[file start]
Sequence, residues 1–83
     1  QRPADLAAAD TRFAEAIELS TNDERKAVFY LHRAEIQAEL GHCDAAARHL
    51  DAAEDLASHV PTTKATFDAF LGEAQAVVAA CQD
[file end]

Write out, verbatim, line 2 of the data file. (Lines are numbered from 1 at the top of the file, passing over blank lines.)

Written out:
     1  QRPADLAAAD TRFAEAIELS TNDERKAVFY LHRAEIQAEL GHCDAAARHL